27 march 2015
Harmeet and I eat breakfast at the vegetarian cafe Otra Cosa (an omelette and two coffees for me, crispy falafel for her). The owner, a friendly Dutch guy, gives us directions to a bus terminal in Trujillo. An actual bus terminal! This is what I’ve been missing since Ica, where I stopped finding big bus terminals with a bunch of companies where you can shop around for tickets to wherever you’re going. In Lima we had to pick a bus company, figure out where in that massive city their office was located, and go to buy tickets in advance. Harmeet and I pack and grab a bus to town, going to find this mythical bus terminal.

As it turns out, the terminal only hosts bus companies with routes going south, and it’s another two hours and three taxi rides back and forth across Trujillo before Harmeet has a ticket to Mancora and I have mine to Guayaquil and we’re finally sitting down to lunch in a little cafe near the historical center. Neither of us can leave until the evening, so we kill some hours walking through Trujillo’s colonial center, to a strange toy museum with dolls and antique toy cars and dollhouses and rocking horses and marionettes, back out to another cafe with divine espresso, and finally along a pedestrian street where we buy souvenirs and stroll with everyone else in the cool evening air and finally say goodbye when Harmeet squeezes into a taxi to her bus terminal and I wander around downtown Trujillo alone for a few hours before heading to my bus terminal for the midnight bus to Ecuador.

Midnight comes and goes at the bus terminal, but not my bus to Guayaquil, and at first I’m surprised and worried that the bus isn’t leaving on time. By the time one of the guys working at the terminal comes around to tell us it will be another three hours before the bus comes I’ve reminded myself that this is South America and almost nothing happens on time, and I’ve relaxed and tuned up my rusty Spanish chatting with the other two sleepy people waiting for the bus, Alan and Anna, he from Peru and she from Andalucia in Spain. We all sleep on the floor of the strange little waiting room until the bus finally arrives around 3:30.

Lima, Peru: 22-25 March 2015

22 march 2015
The taxi drivers practically mob me as I walk up to the road leading out of Huacachina with my backpack slung across my shoulders, headed for the road out of town. They’re all talking over each other, offering prices, asking me where I’m going. I’m about to get into a cab when just in time a line of the tiny, plastic-sided three-wheeled carts you see all over Peru come teetering around the corner. They’re everywhere in the cities, not much more than a little motorcycle engine attached to three skinny wheels, tiny and a little slow and brightly decorated with plastic sides, and probably not very safe in the event of an accident, but usually half the cost of a taxi and at least three times cooler to ride in. I’ve heard backpackers call them tuk-tuks, which is what they call similar cars in Thailand, but here in Peru they’re called taximotos.

I flag one down and slide in the back as the driver guns it for Ica. “Terminal de buses!” I yell over the buzz of the little motor. “A donde vas?” He asks me. I tell him Lima and a few minutes later we’re pulling up to a little building that seems dedicated to just one bus company. It’s not what I was expecting – “terminal de buses? Aqui?” but he waves me on and I wander inside completely confused. Strangely helpful security guards shepherd me over to a counter where I buy a ticket for Lima and after a false start involving getting on the wrong bus, I’m on my way.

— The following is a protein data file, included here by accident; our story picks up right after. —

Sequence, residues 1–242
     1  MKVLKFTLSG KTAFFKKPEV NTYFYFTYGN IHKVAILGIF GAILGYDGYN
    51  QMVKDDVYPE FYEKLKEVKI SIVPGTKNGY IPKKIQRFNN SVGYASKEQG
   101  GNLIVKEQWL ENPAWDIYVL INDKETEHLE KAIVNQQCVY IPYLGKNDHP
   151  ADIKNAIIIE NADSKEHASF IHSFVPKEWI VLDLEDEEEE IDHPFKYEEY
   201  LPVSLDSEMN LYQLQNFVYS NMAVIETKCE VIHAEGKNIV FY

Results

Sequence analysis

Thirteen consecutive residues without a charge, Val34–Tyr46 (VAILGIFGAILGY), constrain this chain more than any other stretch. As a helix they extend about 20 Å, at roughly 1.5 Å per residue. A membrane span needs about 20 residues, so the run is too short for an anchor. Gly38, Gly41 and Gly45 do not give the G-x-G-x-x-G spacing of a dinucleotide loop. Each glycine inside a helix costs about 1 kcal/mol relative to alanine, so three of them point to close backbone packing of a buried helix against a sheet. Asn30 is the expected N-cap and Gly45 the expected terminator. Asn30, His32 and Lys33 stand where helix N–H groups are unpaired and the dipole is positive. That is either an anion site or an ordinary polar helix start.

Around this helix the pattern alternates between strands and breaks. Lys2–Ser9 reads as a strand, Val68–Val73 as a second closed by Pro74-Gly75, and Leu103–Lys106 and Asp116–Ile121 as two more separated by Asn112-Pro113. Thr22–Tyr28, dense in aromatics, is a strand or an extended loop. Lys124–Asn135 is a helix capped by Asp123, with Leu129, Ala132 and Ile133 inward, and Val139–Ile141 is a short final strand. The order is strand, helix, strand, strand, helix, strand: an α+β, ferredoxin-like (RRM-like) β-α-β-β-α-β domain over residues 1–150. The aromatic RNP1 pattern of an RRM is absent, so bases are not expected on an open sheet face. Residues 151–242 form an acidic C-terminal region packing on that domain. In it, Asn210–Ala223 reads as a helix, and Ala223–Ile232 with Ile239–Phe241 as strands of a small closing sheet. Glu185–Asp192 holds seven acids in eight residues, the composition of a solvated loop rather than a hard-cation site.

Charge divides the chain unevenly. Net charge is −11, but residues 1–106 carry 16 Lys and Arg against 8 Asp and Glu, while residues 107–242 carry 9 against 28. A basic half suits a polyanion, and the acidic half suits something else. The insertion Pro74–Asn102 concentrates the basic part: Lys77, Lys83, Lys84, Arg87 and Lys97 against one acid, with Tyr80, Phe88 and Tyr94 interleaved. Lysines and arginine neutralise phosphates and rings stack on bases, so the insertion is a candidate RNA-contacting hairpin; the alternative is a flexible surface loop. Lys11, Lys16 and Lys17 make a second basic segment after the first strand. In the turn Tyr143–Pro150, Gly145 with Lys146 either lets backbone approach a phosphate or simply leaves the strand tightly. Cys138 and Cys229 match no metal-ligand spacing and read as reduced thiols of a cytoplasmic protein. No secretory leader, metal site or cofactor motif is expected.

17:30 – the bus pulls into a parking lot in Lima that would seem to be our final stop. This isn’t a bus terminal with multiple companies all together – it’s just a building and parking lot of the company I came in with. I’m confused by this system, but at least they didn’t leave me on the side of the road like in Ica. There’s the usual screaming horde of taxi drivers outside the door. I make it through the crowd without losing my composure and screaming back at someone, and after a few vague sets of instructions I manage to hop on a collectivo to Miraflores, where I’m staying in a pretty hostel on a quiet residential street.

After the bus ride I’m too tired for anything except dinner (stir-fried eggplant, in the first hostel where I’ve been able to cook since Arequipa) and relaxing on the rooftop terrace of the hostel, enjoying the night air.

23 march 2015
After breakfast, I meet Liz, a girl from Lima who I met online through a friend of a friend, and who has time to show me around Lima today. She picks me up in her car and takes me through busy Miraflores to a stunning shoreline that nobody really talks about when they talk about Lima. Here there are beautiful brown cliffs towering above the pulsing blue waves. The city stretches out behind us on all sides. To the left there’s a towering hill speared with tall radio towers, sheltering high-rise apartments and office buildings. To the right, more cliffs and shoreline, fading into the ocean haze. Liz and I walk down to the shore and out a little pier.

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Later she takes me to her family’s house where we eat an anticucho of chicken heart and delicious fried rice and I try the ubiquitous Peruvian soda called Inka Cola for the first time (it’s yellow and sweet and reminds me of candy).